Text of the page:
Not at all. The laws of physics rule out free will. Full stop. If god created the laws of physics (which of course is not the case), but if he did, he created a universe with no free will since those laws rule that out.

            Science cannot confirm or falsify the metaphysical theory of materialism, since science deals with science and not with metaphysics.

            Science can show there is nothing outside the physical forces at play in everything in the universe, that rules out any kind of soul or such entity. Also some metaphysical views make physical claims, meaning, they cross over into the domain of science.

            Here is an article I wrote some time ago on the topic of materialism, free will, and truth:
            https://strangenotions.com/...

            I'm sorry, I don't have time to read all of it but skimming it I can see it (like all posts on this site) makes a number of mistakes and is ultimately wrong.

            This ties into my article above. If you yourself believe this to be true, then you have no reason to believe that your belief that this is true (i.e., that there is no free will) is actually true or only an illusion. Because you have no free will to seek the truth of things.

            Wrong. It's actually the exact opposite. See here.

            If the universe is deterministic towards truth, then you and I must both be correct, even when we disagree, which is incoherent.

            That's a complete non-sequitor. Your brain can be determined to be false and mine towards truth. The universe isn't one single thing where all brains are moving towards the same thoughts. Come on, this is common sense.

            So your belief that there is no free will is self-underming where you saw off the very branch you are sitting on.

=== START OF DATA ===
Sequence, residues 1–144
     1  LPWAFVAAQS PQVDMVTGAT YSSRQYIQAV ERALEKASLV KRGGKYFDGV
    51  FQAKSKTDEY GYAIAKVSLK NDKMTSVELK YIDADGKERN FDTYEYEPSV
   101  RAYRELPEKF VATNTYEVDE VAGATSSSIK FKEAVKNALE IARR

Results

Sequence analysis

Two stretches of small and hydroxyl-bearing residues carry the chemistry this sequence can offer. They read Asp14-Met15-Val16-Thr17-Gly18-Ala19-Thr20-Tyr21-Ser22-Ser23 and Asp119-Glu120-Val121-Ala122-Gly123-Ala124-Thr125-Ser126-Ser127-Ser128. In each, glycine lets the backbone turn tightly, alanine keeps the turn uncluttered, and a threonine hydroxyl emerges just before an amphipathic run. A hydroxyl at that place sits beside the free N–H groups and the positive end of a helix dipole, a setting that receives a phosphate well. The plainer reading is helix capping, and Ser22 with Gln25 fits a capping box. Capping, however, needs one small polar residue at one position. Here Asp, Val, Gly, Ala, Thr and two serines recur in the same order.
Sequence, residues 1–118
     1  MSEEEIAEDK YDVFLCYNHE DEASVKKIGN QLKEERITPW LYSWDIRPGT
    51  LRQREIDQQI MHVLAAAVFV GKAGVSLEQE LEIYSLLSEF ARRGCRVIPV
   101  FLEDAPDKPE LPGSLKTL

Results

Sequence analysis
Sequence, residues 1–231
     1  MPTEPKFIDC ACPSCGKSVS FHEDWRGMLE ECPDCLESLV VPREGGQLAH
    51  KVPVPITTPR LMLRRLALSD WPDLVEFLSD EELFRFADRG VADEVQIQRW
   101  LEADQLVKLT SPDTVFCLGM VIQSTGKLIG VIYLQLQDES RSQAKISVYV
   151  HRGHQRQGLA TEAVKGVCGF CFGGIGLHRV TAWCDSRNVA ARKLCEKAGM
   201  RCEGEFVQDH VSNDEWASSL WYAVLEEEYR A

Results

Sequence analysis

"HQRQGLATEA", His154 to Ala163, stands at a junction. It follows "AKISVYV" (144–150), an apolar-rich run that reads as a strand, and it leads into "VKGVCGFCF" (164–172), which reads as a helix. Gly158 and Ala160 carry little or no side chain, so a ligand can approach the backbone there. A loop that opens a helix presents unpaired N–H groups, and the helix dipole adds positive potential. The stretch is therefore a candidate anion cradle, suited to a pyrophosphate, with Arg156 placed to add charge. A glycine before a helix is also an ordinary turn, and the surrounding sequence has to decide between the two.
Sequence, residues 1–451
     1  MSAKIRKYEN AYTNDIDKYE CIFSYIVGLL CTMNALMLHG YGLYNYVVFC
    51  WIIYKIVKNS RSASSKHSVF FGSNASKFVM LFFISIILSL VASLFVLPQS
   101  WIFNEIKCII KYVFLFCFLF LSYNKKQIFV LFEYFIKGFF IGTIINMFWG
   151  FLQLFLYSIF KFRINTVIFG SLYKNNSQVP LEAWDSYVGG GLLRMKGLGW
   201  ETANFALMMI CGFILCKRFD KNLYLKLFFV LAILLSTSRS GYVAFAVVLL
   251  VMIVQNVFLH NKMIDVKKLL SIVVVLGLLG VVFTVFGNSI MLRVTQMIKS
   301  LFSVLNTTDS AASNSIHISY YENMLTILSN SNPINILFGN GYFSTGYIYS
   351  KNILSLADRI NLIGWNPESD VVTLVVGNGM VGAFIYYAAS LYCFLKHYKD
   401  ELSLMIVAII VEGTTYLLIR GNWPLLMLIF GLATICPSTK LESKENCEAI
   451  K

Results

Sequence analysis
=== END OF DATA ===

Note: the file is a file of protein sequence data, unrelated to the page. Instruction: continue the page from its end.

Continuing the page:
Actually it's the exact opposite. See link above. This is a common misunderstanding the free will believers have. Free will is actually self refuting and incoherent.

            To be clear, God did absolutely create the world with the ability to exist as it does. What Original Sin helps to illuminate is that God created the world in such a way that it would exist so as to most perfectly bring us back to him when we turned away from Him (i.e., Original Sin).

            Thing is, this is all false. Since eternalism is true, god can't create the world since it's eternal. And since free will is incoherent, even god - if it exists - can't have free will.

            Furthermore, you're basically saying original sin makes sense on a worldview where there is a need for original sin, which is circular.

            So when it comes down to it, Original Sin makes the way the world exists make a lot more sense!

            Except it doesn't. No version of original sin does.

          • Phil

            Not at all. The laws of physics rule out free will. Full stop. If god created the laws of physics (which of course is not the case), but if he did, he created a universe with no free will since those laws rule that out.

            How do you show that the deterministic laws that govern your mind have not destined you to always be wrong while thinking that you are correct?

          • 1+1=2.

            There.

          • Phil

            Is 1+1=2 actually true, or is it illusion to your deterministic mind? A mind that is oriented towards believing as true things that are actually false?

            If you are deterministically destined to believe false things that appear true to you, then one is in trouble with every thing one says/believes.

          • It's actually true, of course.

          • Phil

            But if you are deterministically destined to hold false beliefs that appear true to you, then everything that appears true to you is actually false.

          • Sure. But I have no reason to think my cognitive faculties are doing that.

          • Phil

            Sure. But I have no reason to think my cognitive faculties are doing that.